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Iowa Board of Parole Risk Assessment Validation 2012

NCJ Number
247284
Author(s)
Cheryl Davidson
Date Published
March 2012
Length
31 pages
Annotation
This validation of the Iowa Board of Parole's (BOP's) risk assessment instrument determined whether or not this tool continues to be a valid predictor of inmate postrelease behavior.
Abstract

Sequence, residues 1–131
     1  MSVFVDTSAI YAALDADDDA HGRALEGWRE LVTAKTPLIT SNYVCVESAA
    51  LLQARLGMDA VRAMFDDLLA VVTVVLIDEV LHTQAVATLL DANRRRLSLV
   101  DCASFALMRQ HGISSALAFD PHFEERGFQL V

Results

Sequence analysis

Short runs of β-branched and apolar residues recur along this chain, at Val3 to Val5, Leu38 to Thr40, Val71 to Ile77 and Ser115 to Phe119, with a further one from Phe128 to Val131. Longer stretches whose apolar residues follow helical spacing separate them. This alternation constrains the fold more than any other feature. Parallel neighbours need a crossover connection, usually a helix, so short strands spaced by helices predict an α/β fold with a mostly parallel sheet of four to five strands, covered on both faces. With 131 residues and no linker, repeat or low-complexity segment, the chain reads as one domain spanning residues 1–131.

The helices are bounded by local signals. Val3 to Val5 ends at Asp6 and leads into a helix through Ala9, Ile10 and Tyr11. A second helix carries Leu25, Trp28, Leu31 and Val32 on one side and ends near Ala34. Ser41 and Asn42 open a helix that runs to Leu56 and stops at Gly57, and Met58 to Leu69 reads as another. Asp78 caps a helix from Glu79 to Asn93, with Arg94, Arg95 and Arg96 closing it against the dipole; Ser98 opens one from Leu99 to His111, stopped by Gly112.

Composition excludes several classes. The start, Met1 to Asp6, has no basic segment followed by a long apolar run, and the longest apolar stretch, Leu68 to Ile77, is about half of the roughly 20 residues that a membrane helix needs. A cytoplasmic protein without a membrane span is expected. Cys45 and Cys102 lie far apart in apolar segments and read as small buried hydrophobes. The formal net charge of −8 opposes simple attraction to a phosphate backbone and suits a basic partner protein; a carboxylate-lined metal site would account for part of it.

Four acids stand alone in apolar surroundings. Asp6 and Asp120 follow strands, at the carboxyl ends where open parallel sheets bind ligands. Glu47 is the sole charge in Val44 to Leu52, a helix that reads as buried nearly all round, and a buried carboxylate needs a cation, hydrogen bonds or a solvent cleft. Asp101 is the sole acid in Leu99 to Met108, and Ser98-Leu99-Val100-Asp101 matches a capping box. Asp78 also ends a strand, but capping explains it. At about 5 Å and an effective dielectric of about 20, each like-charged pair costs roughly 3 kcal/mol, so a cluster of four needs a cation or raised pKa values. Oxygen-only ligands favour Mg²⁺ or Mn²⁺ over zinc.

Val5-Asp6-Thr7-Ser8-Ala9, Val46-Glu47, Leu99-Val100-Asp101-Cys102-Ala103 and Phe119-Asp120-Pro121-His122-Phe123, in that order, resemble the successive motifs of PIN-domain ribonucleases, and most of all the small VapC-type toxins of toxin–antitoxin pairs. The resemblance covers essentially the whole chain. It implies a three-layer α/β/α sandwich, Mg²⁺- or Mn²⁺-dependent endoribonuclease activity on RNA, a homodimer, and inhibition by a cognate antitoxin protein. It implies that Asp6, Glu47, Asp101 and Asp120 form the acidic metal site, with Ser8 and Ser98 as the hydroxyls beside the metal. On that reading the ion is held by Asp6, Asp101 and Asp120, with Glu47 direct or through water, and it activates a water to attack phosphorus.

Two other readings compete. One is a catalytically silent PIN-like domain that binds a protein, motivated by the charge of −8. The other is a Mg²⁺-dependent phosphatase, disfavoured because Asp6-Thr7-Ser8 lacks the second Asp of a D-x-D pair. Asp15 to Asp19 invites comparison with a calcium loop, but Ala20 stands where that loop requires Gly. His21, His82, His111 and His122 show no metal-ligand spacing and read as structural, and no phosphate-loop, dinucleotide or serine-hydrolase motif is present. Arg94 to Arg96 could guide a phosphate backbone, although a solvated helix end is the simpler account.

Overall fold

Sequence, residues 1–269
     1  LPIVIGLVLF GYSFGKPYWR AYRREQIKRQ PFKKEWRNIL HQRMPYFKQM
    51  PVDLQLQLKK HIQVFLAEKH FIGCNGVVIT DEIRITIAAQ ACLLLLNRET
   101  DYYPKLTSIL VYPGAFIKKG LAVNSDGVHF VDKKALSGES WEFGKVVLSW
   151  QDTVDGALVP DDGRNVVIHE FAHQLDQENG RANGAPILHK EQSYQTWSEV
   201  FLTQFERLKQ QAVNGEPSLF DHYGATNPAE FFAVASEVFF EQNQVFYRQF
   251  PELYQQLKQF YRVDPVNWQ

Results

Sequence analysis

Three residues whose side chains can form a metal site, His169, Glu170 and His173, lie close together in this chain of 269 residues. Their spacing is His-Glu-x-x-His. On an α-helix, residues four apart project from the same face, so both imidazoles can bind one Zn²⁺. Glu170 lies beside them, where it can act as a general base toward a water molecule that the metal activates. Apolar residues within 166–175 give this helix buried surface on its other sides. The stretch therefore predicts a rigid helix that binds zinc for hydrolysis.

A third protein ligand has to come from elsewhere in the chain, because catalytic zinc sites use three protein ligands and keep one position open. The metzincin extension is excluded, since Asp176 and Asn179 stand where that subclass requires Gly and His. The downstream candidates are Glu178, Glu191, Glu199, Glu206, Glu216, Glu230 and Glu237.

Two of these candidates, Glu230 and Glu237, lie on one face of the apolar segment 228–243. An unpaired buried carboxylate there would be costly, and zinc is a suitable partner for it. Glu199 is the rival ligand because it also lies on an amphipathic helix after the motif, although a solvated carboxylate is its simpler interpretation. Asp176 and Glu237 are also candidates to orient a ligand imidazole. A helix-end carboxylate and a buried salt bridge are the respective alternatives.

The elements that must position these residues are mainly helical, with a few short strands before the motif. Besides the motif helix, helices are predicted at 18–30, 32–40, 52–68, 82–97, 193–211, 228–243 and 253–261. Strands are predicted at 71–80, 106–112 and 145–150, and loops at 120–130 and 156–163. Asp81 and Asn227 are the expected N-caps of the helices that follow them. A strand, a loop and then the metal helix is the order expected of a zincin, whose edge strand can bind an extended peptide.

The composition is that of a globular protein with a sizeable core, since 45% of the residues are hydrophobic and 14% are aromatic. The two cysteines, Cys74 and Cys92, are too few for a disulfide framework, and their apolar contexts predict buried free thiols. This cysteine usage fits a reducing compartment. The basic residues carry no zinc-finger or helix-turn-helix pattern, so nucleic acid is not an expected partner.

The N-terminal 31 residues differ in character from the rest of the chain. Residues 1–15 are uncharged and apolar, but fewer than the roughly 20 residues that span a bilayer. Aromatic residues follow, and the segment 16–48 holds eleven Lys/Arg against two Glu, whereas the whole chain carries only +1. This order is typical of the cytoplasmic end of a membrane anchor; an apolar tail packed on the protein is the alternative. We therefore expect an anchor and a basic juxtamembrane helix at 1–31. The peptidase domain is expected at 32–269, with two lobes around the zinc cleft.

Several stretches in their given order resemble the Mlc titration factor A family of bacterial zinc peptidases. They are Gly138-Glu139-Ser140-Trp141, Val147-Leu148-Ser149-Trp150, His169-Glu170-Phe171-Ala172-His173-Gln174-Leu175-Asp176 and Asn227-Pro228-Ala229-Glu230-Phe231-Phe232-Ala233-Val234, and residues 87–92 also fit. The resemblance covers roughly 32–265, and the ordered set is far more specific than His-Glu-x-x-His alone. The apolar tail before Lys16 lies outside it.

A comparison of the predictive abilities of the BOP risk assessment and the Level of Service Inventory Revised (LSI-R) found that both instruments were better than chance in predicting all measures of recidivism, except for technical parole violations for the FY2007 release cohort. In conjunction with other factors, the BOP risk instrument can aid the Parole Board in determining the timing of release; however, the predictive abilities of both instruments could be strengthened with modifications. Since the BOP risk-assessment instrument has been used with no empirical modifications since the early 1990s, it is time to examine ways of modifying the BOP instrument to improve its usefulness. After reviewing the current study, Dr. Daryl Fischer, the creator of the BOP instrument, suggested several possibilities for improvement, including reducing the weight placed on current offenses and focusing more on previous offenses, factoring additional variables into the risk assessment (specifically, offender age and gang affiliation), and using other validated risk assessment tools for the sex offender population. The cohort used to test the validity of the two instruments included all offenders released from prison and work release in FY2007 who had an opportunity to recidivate and who had a BOP risk score that was determined to be current at the time of release. There were 4,044 releases from prison and work release in FY2007; of this number, 3,892 had the opportunity to reoffend. The final cohort with risk scores consisted of 2,843 releases. Situations that rendered an offender unable to recidivate included death that occurred within 3 years after release, offenders who had completed their sentences and were then committed to a mental health facility, and parolees to detainment by the Immigration and Naturalization Service or U.S. Marshall. 27 tables and appended characteristics of offenders with a current BOP assessment, BOP validation results, LSI-R validation results, and Dr. Daryl Fischer's commentary on the validation